In 2012, a particularly fierce Atlantic hurricane season unleashed Irene on the southern U.S. and the devastating Sandy on the northeast. Even stronger storms were forecast for 2013.
But so far during this year’s hurricane season a major storm has yet to seriously impact U.S. travelers, and there has been little disruption to the operations of major cruise lines and airlines.
“We’ve had a lot of rain this year, but no storms affected cruising at all throughout the summer,” said Lisa Silvestri, CTC, ETC, owner of Sarasota, Fla.-based Silvestri Travel, a NEST member. “I never had any clients bat an eye or worry about what was going to happen this year.”
Remember last year?
According to the National Weather Service’s National Hurricane Center, 10 tropical cyclones were upgraded to hurricane status in 2012. So far this year, with less than two months left in the Atlantic hurricane season, just two storms have reached hurricane status.
In comparison, the Atlantic suffered six hurricanes in 2011, 12 in 2010 and three in 2009. Although two Carnival vessels were forced to slightly revise their itineraries due to Tropical Storm Karen, the storm did not disrupt and sailings.
“It’s been a non-event,” said Stephanie Turner, CTC, president of Brentwood Travel, an Ensemble agency in St. Louis.
“We do a big Mexico business – it’s our largest market – and when people get nervous about the weather it affects their decision to travel in the fall of the year.”
2004: worst year in memory
Agents say a combination of meteorological luck and deals from the cruise lines have helped to boost sales.
“We’ve been pretty lucky the last few years,” said Candie Steinman, owner of a CruiseOne agency in Fort Myers, Fla. “Traditionally people had stayed away from cruising in this timeframe [due to weather concerns].”
Agents said 2004 was the worst year in memory when it came to the impact of storms on summer and fall travel.
Barraged by storms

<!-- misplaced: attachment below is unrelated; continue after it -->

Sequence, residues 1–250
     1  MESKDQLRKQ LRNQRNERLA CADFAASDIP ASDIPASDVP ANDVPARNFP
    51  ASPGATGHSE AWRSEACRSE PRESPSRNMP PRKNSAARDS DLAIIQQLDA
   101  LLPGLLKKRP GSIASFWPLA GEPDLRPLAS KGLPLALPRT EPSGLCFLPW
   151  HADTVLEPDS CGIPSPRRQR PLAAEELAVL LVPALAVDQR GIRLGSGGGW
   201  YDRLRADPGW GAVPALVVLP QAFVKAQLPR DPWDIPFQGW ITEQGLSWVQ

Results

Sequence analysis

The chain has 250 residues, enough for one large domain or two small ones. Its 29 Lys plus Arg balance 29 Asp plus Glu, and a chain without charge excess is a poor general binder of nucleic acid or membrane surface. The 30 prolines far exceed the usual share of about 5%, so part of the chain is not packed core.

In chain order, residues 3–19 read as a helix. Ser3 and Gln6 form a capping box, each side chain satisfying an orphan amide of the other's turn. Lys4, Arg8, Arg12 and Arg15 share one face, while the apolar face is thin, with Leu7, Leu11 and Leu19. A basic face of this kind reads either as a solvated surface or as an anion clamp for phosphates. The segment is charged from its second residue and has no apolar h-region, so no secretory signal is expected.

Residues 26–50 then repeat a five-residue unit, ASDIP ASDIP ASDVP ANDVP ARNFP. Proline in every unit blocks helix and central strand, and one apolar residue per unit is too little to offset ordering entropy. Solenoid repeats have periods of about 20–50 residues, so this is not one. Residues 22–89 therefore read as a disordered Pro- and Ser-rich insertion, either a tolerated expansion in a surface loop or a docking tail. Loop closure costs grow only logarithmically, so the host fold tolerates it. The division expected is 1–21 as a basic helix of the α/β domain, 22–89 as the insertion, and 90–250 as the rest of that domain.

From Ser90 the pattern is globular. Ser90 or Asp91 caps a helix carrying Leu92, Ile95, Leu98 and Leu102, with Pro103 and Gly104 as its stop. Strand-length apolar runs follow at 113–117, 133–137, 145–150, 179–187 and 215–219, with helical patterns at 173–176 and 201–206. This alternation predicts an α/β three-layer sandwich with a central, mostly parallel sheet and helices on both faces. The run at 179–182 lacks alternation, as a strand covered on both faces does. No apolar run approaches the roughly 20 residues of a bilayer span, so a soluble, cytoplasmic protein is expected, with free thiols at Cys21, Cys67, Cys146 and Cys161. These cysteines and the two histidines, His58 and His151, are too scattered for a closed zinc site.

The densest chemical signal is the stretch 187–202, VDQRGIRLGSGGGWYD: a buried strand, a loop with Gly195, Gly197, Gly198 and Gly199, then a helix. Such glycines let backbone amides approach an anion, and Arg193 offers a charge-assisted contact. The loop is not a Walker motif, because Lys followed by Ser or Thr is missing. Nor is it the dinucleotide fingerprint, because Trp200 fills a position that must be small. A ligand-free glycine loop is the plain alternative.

“In 2004, we had 24 named storms with seven that crisscrossed Florida the whole summer,” said Silvestri. “It was really tough trying to find windows of opportunity where there wasn’t one or two main storms coming our way.”
Bookings this year are strong, despite memories of a tough hurricane season last year.
“The past few years I’ve seen an increase in my fall bookings, probably more lately because the weather has been good,” said Steinman. “We’ve had a lot of people booking for next year; the calls are coming in faster than ever.”
Insurance is still key
Travel insurance remains vital to clients’ peace of mind.
“I always recommend insurance; that’s the key, so that clients are protected,” said Silvestri. “It’s always an easier sell for the cruise, because the ships move [and itineraries can be disrupted].”
For budget cruises, however, it can be tough to convince clients to spend extra on insurance.
“There are a lot of good deals in the fall and for people who are value-conscious, it’s a great time to get away,” said Turner. “But the people who travel in value season don’t seem to want to spend extra on insurance, though we encourage them. You have to make them take it.”
And don’t forget that weather disruptions in the U.S. can have a serious ripple effect on global travel.
“I had several people going on a river cruise during Sandy, and they all got out of the country right before the storm hit, but it did cause delays and problems with lost luggage,” said Steinman.
“It was strange that the storm affected river cruising in Europe, but it was more of an airline issue than the actual cancellation of a cruise.”